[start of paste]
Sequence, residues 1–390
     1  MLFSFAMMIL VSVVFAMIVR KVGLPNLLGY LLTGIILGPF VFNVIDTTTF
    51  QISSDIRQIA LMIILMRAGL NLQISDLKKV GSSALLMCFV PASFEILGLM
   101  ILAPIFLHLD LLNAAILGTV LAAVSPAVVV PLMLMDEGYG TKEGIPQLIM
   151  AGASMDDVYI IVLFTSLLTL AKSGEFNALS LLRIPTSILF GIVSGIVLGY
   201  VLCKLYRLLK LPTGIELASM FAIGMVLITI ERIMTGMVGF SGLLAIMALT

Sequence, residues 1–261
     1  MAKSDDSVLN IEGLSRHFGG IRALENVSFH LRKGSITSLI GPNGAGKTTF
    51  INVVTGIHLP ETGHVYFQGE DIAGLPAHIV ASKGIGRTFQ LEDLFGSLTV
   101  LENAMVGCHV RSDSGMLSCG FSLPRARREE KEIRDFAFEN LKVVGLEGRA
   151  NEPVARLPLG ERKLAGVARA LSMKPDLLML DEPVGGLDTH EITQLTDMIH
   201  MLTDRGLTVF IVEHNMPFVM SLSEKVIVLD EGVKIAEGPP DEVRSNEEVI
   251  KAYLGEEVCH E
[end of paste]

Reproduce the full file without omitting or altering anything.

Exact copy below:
Sequence, residues 1–390
     1  MLFSFAMMIL VSVVFAMIVR KVGLPNLLGY LLTGIILGPF VFNVIDTTTF
    51  QISSDIRQIA LMIILMRAGL NLQISDLKKV GSSALLMCFV PASFEILGLM
   101  ILAPIFLHLD LLNAAILGTV LAAVSPAVVV PLMLMDEGYG TKEGIPQLIM
   151  AGASMDDVYI IVLFTSLLTL AKSGEFNALS LLRIPTSILF GIVSGIVLGY
   201  VLCKLYRLLK LPTGIELASM FAIGMVLITI ERIMTGMVGF SGLLAIMALT

Sequence, residues 1–261
     1  MAKSDDSVLN IEGLSRHFGG IRALENVSFH LRKGSITSLI GPNGAGKTTF
    51  INVVTGIHLP ETGHVYFQGE DIAGLPAHIV ASKGIGRTFQ LEDLFGSLTV
   101  LENAMVGCHV RSDSGMLSCG FSLPRARREE KEIRDFAFEN LKVVGLEGRA
   151  NEPVARLPLG ERKLAGVARA LSMKPDLLML DEPVGGLDTH EITQLTDMIH
   201  MLTDRGLTVF IVEHNMPFVM SLSEKVIVLD EGVKIAEGPP DEVRSNEEVI
   251  KAYLGEEVCH E